Who was Turner anyway?

Who was Turner anyway?

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A Turner Bugler, 2004

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The Barleycorn Boys Campaigner’s Corner


by (Bvt. Sgt.) Pvt. Mike Palada

Is there anything more admirable, romanticized, or lauded in all of history and literature than the warrior-poet? Nay, nary a one exists in this author’s opinion. From the ancient Greek and Roman lyricists accompanying the conquering legions, to the nomadic troubadours of Gaul and tribal Europe, to the refined and sophisticated Anglo-Saxon bards, evolving into the marshal airs of imperialist-nationalist powers, the warrior-poet has long sung the praises of chieftain and common soldier alike, standing true to the colors as did those they sought to praise. Although the warrior-poet stands as the venerated defender of the romanticized, honor-bound battlefield, there is another sub-class of minstrels that deserves mention, albeit for their humorous, entertaining, and blatantly comical performances.

Aye, that other side of the coin, or that so-called sub-class is none other that the blackface minstrel. White minstrels performing in blackface, with exaggerated vernaculars, were once a commonplace attraction before, during, as well as after the War of the Rebellion Between the States. Dixie’s Land, as well as a host of other popular tunes by the likes of such songsters as Stephen Foster, for one, were originally written to be performed in blackface. But the tradition did not stop there. Indeed the first “talkie” The Jazz Singer, starring Al Jolson, exhibited just such performances. But I digress, that is another story for another time period.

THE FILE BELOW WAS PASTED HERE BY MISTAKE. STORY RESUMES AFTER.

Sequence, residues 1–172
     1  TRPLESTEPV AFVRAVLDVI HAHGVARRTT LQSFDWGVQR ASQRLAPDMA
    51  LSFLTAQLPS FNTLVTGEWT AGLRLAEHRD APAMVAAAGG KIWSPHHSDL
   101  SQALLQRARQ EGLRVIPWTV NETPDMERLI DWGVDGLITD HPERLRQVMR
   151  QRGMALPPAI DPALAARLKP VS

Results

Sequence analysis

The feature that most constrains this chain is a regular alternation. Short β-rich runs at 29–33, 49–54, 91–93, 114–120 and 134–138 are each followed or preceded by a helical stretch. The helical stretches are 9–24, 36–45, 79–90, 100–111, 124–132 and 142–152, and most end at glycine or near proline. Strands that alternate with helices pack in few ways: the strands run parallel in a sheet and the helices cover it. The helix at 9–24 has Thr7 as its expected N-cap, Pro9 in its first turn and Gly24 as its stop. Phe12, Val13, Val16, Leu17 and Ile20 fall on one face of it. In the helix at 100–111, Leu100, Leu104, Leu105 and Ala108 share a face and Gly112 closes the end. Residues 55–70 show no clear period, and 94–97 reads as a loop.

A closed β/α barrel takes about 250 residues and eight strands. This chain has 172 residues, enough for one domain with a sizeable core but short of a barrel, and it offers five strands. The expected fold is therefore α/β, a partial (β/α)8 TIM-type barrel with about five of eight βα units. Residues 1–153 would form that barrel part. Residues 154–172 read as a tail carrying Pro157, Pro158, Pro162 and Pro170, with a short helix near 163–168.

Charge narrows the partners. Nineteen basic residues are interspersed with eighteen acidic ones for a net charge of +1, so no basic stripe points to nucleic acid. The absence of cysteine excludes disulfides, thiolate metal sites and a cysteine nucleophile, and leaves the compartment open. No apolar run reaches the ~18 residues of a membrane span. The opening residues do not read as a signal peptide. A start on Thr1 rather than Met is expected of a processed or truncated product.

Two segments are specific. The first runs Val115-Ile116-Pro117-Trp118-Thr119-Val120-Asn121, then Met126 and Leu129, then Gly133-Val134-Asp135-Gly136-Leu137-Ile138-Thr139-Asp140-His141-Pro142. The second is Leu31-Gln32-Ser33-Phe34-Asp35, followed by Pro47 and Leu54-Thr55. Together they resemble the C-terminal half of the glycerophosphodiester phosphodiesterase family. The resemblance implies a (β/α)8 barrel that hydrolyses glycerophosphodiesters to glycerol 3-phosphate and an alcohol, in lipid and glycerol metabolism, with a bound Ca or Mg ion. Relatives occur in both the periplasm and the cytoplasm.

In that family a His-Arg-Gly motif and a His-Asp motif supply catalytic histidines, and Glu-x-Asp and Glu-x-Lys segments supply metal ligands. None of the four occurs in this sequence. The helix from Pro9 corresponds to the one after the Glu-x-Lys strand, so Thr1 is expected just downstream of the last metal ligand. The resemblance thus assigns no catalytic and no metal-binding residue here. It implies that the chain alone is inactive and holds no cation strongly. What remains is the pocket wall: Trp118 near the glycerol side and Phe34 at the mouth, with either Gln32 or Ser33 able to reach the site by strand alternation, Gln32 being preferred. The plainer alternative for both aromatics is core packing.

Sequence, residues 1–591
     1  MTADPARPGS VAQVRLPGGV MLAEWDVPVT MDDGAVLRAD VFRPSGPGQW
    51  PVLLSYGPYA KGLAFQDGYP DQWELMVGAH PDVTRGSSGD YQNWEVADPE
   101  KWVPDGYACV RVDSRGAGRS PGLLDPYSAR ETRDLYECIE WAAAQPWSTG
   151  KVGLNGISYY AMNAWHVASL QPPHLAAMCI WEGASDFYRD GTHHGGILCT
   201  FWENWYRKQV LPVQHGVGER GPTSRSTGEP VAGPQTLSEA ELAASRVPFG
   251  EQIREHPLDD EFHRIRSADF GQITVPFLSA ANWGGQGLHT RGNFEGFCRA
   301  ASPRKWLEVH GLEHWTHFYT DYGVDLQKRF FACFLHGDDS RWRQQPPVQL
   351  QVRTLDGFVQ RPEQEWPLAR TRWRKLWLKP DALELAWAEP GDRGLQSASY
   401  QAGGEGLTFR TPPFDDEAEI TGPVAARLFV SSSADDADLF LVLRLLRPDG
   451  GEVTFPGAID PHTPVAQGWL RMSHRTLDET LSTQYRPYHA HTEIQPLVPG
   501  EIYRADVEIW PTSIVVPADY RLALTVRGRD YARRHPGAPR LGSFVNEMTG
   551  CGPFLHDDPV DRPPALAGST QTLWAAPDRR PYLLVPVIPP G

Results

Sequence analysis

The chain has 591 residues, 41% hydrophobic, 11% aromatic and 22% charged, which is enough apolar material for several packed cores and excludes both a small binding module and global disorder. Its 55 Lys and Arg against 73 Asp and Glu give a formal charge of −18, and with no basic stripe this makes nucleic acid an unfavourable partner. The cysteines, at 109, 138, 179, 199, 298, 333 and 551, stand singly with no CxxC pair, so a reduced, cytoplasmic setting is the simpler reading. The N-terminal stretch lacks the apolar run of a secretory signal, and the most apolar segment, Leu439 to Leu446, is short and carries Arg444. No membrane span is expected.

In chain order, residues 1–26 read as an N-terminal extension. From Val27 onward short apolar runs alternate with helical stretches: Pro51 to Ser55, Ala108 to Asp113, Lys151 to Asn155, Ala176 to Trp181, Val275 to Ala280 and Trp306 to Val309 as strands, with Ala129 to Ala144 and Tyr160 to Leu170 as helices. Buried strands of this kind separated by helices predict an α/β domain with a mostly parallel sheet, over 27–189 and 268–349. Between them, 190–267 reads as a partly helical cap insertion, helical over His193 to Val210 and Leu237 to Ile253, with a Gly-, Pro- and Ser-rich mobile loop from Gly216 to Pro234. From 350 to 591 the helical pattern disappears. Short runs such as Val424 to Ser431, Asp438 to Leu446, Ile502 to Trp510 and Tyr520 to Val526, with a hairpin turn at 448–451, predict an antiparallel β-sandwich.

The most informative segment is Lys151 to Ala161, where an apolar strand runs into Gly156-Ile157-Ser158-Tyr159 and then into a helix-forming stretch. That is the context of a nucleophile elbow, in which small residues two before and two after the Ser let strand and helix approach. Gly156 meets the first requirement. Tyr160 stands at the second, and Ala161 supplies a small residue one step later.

This relic of the past was thought to be long dead and extinct; however, a few authentic living historians, in the persona of The Allendale Melodians, have resurrected this fabled entertainment and have proceeded with burnt cork in-hand to espouse the rich history and significance of this art form on the American tradition, as well as to conjure up a few darky tunes in which to entertain the masses.

As the Melodians are centered in and around the authentic movement, their performances are normally enjoyed by authentic/hardcore living historians around the bivouac fires, the Melodians resorting to “field shows.” However, for those that found them at the recent Perryville reenactment, the show was open to all. Like any other aspect within the authentic/hardcore movement, the Melodians strive to present the most historically correct, researched, and documented black-face minstrel impression possible. This is strikingly evident in their first-person personas, mastery of the deep-South slave vernacular, their musical abilities to perform the period-correct minstrel tunes using the proper methods and playing techniques of the time, as well as deep appreciation of and reverence for the impression that they present. While the Melodians seek to entertain their audiences with comic song and dance, they themselves take their roles as blackface minstrels seriously.